This weekend in London an amazing array of free installations and outdoor events has been created by world-leading artists to commemorate the Great Fire of London. Giant tanks of water, massive domino runs, huge fire installations, a wonderful recreation in timber created by young people acquiring skills and improving life chances…. In amongst this a conversation about how this moment of fire and awful destruction – which left thousands of 17th century Londoners homeless – created the requirement and the opportunity to rethink life in the city.
In 1834, Tom Shakespeare reminded us this week, Parliament burned and was recreated. Our Big Ben, our green and red benches, our Erskine-May – much of the pomp and circumstance we associate with politics – are not very old at all…. we don’t do all the political flummery because it’s how things are done. We do it because a group of people in the relatively recent past, imagined the world they were creating would be so forever. They determined that this is how things should be done in a world where only some people (not even all the men) were enfranchised and some weren’t and (according to them) couldn’t be. Tom Shakespeare proposed what a friend in theatre and I have long played with – a touring Parliament – by for and amongst the people…
As someone who has experienced the devastating effects of a house fire, I’m not advocating that we burn Parliament down but both as citizen and theatre-maker I am interested in tearing up the rule books and rewriting them.
Tomorrow, we hit the rehearsal room at the Arts Depot for our first chance to try out some of the text and a myriad ideas and images we – that’s Rebecca, David and Jens- have been collecting & exploring our larger question of how communities will be governed and govern themselves in the future.
For the first time in human history, most people on the planet live in cities… and this trend is set to continue. How we live and how we lead is up to us.
There are many theatre makers and artists out there at the moment grappling with the changing tide of events in 2016. When we started our dialogues about The Happy City they were informed by our curiosity about leadership in 21st Century, in the light of the newly formed coalition government. Today in the UK we are back to a single party majority (however slim), our second woman Prime Minister, our second election for Leader of the Opposition in a year.
Today, you can open the Daily Mail (or just check it out on Twitter) and see an array of female political leaders all being singled out for the fact of their childlessness and another leading politician under attack for behaviour which is out of the norm. The Establishment rumbles on as if oblivious to the signs all around them that times have changed.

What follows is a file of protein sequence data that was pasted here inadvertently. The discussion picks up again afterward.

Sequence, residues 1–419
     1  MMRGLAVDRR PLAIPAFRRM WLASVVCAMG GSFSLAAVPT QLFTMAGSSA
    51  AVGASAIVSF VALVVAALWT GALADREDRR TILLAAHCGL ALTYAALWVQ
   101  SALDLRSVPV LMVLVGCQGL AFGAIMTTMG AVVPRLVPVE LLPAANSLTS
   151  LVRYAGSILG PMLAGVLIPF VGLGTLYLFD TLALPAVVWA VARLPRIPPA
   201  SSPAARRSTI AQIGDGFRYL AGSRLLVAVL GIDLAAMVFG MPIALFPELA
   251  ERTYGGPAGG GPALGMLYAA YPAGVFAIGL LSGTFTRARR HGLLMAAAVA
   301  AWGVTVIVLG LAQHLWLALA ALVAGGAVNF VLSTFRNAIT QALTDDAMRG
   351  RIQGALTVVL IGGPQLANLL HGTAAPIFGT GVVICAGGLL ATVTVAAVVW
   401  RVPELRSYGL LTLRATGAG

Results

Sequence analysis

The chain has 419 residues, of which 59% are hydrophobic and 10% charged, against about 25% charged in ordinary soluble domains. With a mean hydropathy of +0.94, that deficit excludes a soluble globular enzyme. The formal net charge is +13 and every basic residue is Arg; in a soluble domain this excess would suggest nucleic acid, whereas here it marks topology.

Up and down the country, the picture of local politics is so much more varied and interesting. Inspired by the Independents for Frome or just acting on their own simultaneous despair with tribal party politics, more and more people are coming together under a set of values and standing as Independents to represent local people and make independent decisions about the questions which matter to them. Message boards and community meetings are being held to work out how to return politics back to what matters.
Yesterday, thousands of people around the UK met in city centres – at the invitation of a few cultural activitists – at really short notice to #paintitblue – reminding our parliamentary leaders that whichever way individuals voted in the EU referendum and however that choice to vote was inspired, what lies ahead is a series of debates and negotiations in which the UK population must be included.
Increasingly the artistic community is putting itself into and leading the conversations, the demonstrations and debates. Just Jones & has been c0mmissioned by the Calouste Gulbenkian Foundation to create a project which helps answers in a 3 year long study into the role of arts in civic life.
At Just Jones & we’re hoping this show – Artist in a Happy City – will be part of the mix in 2017. From our workshops and interactions we’re being told that people are very receptive to our questions about the recipe for starting from scratch in a new city. How could we as ordinary citizens in a new place – given that wherever we start and whenever start people bring their history and their visions with them – how could we create a new way to live and govern ourselves? With freedom comes responsibility – both a boon and a problem, and out of that we want to make our show.